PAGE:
3. She suggests pre-heating to 400F and then turning down to 375F for baking for about 30-40 min. I liked it at 450F, but may try Julia's method for comparison.
4. She suggests to bake in middle rack of oven.
5. She says batter can be made ahead and left at room temp. for up to an hour before baking, if securely covered.
Any other important tips for perfecting?
re: Eva and Ziv
Not really, no fancy dinner for a Thurs. night. This was the centerpiece, so we ate alot of it! I served some steamed veggies w/ a pat of butter on the side. I think a side salad w/ some sliced apples and shaved fennel would be lovely.
People often think of souffles as "fancy food", but they can be made any night of the week using basic pantry ingredients most people have on hand. I'd rather have a souffle than an omelette or frittata for dinner...
re: Carb Lover
This is really true -- I once made an onion souffle when I was flat broke and needed to serve something at a potluck I was hosting. Since I couldn't afford to buy special ingredients, I looked at the staples I had on hand. It was onion with rosemary, IIRC.
Another fabulous savory souffle was a bacon blue cheese souffle I made for brunch once.
re: Ruth Lafler
I am a big fan of soufflés too, but tend to make sweet rather than savory ones (the sweet ones seem easier to me), and am not confident enough (yet) to just improvise one. Those two you mention sound delicious. It's a lot to ask, but would you consider posting recipes? Or at least one? Please?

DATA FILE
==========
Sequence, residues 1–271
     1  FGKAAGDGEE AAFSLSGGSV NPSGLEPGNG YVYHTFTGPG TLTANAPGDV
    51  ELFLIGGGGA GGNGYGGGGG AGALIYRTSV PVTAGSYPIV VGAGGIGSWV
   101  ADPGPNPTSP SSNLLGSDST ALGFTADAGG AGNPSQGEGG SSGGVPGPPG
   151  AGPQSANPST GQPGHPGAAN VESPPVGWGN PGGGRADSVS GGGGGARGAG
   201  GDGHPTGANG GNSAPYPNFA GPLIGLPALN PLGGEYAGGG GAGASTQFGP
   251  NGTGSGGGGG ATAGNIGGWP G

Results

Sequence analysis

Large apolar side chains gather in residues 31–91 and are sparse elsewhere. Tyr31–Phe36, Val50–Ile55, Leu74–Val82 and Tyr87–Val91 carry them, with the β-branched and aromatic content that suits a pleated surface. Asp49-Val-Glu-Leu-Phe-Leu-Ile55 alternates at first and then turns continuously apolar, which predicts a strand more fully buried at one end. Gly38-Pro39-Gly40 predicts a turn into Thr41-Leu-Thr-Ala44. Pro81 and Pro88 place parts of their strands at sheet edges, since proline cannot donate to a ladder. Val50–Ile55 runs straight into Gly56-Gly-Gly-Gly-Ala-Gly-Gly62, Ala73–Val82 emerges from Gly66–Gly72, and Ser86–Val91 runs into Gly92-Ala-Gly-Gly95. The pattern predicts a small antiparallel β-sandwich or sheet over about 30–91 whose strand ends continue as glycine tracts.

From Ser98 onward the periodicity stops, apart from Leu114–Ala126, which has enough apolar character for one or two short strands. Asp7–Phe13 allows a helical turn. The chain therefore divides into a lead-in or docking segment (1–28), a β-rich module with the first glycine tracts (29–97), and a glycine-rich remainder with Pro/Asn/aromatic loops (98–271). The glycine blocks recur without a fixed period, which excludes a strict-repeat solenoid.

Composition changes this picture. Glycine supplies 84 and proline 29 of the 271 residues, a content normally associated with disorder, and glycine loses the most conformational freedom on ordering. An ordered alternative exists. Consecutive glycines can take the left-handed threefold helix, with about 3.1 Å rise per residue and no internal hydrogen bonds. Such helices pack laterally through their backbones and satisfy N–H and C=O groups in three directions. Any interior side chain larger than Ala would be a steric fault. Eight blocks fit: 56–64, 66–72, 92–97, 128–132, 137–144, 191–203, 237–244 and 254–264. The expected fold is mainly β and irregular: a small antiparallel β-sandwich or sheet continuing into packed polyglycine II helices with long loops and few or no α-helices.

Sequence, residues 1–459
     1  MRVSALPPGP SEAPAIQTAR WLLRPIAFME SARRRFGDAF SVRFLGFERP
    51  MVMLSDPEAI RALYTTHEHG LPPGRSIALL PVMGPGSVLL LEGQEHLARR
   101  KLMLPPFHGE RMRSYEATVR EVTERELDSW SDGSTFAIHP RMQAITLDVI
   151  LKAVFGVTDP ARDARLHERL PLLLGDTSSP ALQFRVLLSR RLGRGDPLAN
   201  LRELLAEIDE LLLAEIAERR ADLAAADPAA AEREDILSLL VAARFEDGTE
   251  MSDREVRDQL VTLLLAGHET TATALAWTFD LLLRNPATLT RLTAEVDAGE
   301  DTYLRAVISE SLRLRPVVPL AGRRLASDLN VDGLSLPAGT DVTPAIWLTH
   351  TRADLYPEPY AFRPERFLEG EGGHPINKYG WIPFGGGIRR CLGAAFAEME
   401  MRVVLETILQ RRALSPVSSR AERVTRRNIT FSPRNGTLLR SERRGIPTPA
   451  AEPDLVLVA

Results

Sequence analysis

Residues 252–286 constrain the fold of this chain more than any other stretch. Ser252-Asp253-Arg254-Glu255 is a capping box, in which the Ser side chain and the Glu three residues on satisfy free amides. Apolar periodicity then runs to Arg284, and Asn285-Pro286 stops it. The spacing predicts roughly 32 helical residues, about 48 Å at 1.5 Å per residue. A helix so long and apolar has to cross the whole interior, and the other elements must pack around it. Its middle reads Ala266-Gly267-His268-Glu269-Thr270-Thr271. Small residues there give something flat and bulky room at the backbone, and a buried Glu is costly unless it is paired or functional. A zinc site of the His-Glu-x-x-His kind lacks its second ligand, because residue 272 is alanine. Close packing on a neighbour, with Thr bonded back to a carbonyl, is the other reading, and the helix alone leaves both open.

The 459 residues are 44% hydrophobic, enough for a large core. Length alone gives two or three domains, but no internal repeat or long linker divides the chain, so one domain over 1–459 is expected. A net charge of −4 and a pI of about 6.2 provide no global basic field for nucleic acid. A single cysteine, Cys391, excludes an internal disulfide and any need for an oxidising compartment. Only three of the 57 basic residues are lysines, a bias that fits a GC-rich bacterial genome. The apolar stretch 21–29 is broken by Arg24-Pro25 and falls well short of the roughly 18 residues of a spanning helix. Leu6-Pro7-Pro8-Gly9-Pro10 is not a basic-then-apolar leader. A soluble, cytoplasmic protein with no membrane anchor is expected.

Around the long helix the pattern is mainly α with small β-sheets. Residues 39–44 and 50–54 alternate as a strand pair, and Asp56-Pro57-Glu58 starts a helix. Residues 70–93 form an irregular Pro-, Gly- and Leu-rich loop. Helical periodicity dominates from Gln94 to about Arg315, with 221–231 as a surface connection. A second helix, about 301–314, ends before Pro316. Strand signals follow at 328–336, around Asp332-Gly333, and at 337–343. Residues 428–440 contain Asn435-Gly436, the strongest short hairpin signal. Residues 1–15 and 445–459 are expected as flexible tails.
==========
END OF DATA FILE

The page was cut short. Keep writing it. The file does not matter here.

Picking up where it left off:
Souffles are actually quite easy to make, and fairly indestructible. They really ought to be part of any semi-serious cook's repertoire.
They are also the cheapest glamour meal you'll ever make: if you are of limited means, knowing how to make a souffle will more than compensate for lack of lux food items!
A couple of general suggestions (based on experience) about souffles:
1. It really makes a difference to have all ingredients, utensils and equipment lined up at the ready (a mise-en-place, if you will).
2. You can prepare many souffles in advance (actually a few hours ahead, if you don't have heavy ingredients like corn that might sink in the batter). Have an appetizer course ready for guests and, when all guests have arrived, pop the prepped souffle into the preheated oven to bake. Serve immediately when done.